by Caroline Toscano, Center for Educational Innovation
We need to realize microaggessions are unconscious manifestations of a worldview of inclusion-exclusion, superiority-inferiority; thus, our major task is to make the invisible visible.
Derald Wing Sue in Microaggressions in Everyday Life
Not so long ago in a college-level public speaking class, a professor decided to spark up her class. Engage the students by asking them to come up with a topic, any topic, weird or normal, and expand upon it.
One student took on the challenge and called out, “Urinating!” The professor decided to go with it.
“Great,” she said. “Let see…where do people in the US go to urinate?” The class giggled away, then said what they thought was obvious: the bathroom!
“OK,” the professor nodded, on a roll. “And where do people in other countries go to urinate?”
Lu, an international student, cringed when the professor said this. Other students started calling out, “In the bushes!” and “On the side of the road!” In her mind, she thought, Hello, we have bathrooms in my culture too. She felt deeply insulted that the professor and the class would think of her country as being “less civilized” than the US.
The above is a true story retold to me by one of my students, whose name has been changed.
When thinking about diversity in the classroom, chances are, most instructors tend to see themselves as good-intentioned, egalitarian and fair-minded people. They certainly do not go out of their way to denigrate others. Yet, there are instances when seemingly “small” things individuals say or do in the class can leave a long-lasting impression in their students’ minds, which has prompted the informal naming of an accumulation of these practices as “death by a thousand cuts.”
Such “small” things are known as microaggressions or microinvalidations, according to Derald Wing Sue, Professor of Psychology and Education at Columbia University, and author of the book Microaggressions in Everyday Life: Race, Gender and Sexual Orientation. In his writing, Sue delineates between the two concepts:
- Microaggressions are “brief, everyday exchanges that send denigrating messages to certain individuals because of their group membership” (xvi).
- Microinvalidations are “characterized by communications or environmental cues that exclude, negate, or nullify the psychological thoughts, feelings, or experiential reality of certain groups…” (37).
For Further Thought
Microaggressions often times appear to be a compliment but contain a meta-communication or a hidden insult to the target groups in which it is delivered. People who engage in microaggressions are ordinary folks who experience themselves as good moral decent individuals. Microaggressions occur because they’re outside the level of conscious awareness of the perpetrator.
Derald Wing Sue in Microaggressions in Everyday Life
Sue created a short YouTube video to address typical microaggressions and microinvalidations – “how [each one] manifests itself, how it impacts people, and what can be done to address it.” In one of the vignettes, a meeting is taking place with a group of men and one woman. The male participants seem to be talking to one another, ignoring the female participant. When she finally does speak, one of the male participants checks his cellphone for messages.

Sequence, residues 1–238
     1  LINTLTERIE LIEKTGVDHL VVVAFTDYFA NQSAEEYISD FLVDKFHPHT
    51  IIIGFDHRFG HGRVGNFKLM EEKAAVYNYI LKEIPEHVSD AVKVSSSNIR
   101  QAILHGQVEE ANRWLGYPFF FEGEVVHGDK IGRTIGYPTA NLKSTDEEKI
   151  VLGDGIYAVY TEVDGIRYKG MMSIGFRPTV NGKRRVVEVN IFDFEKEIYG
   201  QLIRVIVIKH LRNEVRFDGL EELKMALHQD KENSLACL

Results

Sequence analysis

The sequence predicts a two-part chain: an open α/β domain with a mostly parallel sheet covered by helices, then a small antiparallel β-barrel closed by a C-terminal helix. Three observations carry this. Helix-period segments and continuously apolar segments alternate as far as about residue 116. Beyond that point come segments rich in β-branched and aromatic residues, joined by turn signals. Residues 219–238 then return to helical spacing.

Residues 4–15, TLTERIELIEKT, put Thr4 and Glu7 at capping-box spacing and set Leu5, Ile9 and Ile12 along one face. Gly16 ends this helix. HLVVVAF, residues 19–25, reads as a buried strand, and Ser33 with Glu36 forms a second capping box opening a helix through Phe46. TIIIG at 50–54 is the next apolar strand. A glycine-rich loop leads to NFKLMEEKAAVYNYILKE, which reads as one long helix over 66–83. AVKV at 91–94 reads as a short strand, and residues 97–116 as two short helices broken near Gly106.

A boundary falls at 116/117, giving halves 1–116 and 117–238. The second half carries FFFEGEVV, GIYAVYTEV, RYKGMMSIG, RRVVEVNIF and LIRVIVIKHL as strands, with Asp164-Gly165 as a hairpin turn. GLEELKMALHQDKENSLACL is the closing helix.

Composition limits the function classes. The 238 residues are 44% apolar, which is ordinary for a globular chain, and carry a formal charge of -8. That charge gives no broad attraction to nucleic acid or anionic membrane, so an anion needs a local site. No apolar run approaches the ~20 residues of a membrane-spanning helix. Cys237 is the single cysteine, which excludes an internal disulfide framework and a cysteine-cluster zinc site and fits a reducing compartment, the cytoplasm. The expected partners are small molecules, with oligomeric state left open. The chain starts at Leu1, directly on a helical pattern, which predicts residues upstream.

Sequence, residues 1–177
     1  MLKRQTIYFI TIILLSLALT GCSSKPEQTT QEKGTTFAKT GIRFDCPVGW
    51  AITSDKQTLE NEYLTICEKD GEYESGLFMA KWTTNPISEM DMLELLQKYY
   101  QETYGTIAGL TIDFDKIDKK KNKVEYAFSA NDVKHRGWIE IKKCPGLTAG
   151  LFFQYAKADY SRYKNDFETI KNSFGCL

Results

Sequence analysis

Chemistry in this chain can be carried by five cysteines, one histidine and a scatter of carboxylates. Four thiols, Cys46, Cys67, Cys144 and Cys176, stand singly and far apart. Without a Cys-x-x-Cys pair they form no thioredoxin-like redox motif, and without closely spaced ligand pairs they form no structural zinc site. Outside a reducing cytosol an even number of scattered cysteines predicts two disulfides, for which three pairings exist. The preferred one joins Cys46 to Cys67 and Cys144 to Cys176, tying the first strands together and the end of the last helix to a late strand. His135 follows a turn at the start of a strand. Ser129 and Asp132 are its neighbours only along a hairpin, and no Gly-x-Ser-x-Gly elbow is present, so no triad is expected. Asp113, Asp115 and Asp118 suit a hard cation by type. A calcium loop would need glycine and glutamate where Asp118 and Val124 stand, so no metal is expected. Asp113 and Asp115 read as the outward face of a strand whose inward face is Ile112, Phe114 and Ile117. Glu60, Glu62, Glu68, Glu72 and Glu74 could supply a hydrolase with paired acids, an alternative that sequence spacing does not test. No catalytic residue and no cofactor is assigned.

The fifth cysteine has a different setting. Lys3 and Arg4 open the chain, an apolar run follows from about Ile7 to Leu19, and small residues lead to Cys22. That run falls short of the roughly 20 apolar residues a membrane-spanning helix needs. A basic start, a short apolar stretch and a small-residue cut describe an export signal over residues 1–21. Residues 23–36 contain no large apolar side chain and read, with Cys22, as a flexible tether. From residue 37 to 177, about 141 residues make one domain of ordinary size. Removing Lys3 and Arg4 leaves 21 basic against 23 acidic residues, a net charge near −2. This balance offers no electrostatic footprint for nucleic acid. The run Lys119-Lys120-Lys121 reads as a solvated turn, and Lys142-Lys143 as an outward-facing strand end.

When I played the video in my class of international graduate teaching assistants to discuss this topic, one of my female students nodded furiously and told her own story:
“When I was in a seminar, I was the only female in the group. When one of the other students was explaining his idea, I jumped in and said I didn’t agree with him and why. He then acted like I was an idiot and started explaining to me again his idea, like I couldn’t understand. I could understand all right. I just didn’t agree!”
Other students in my class privately expressed relief at the realization that these small slights weren’t just “in their heads,” and that there was actually a name for it.
In fact, one of my students recalled feeling strange when an instructor told her, “You write pretty well, for an international student.” Problem is, the instructor most likely thought he or she was paying a compliment, not lobbing an insult. How can we understand what impact our words really have on our students?
These responses have shaped themes Sue draws into a taxonomy of microaggressions in his book; for example: Alien in One’s Own Land (e.g., saying, “You speak English very well to an American-born Asian student), Environmental Microaggressions (e.g., committee membership is all or mostly white and/or male), and Pathologizing Cultural Values/Communication Styles (e.g., Dismissing a student who brings up race/culture in class).
In order to deal with microaggressions in the classroom, Sue outlines eight guidelines in his book: 1) possess a working definition and understanding of microaggressions; 2) understand the self as a racial/cultural being by making the “invisible, visible”; 3) intellectually acknowledge one’s own cultural conditioning and biases; 4) develop emotional comfort in discussing -isms; 5) make sense of one’s own emotions; 6) control the process, not the content; 7) do not allow the dialogue to be brewed over in silence; and 8) express appreciation to the participating students.
Experiential reality of our students’ perspectives and ally building are two essential components of overcoming microaggressions, as well, according to Sue: “Stand personally against all forms of bias and discrimination,” he says.
Sue, Derald Wing. Microaggressions in Everyday Life: Race, Gender, and Sexual Orientation. New York: John Wiley & Sons, 2010.
Sue, Derald Wing. Microaggressions in Everyday Life. [YouTube video]: https://www.youtube.com/watch?v=BJL2P0JsAS4.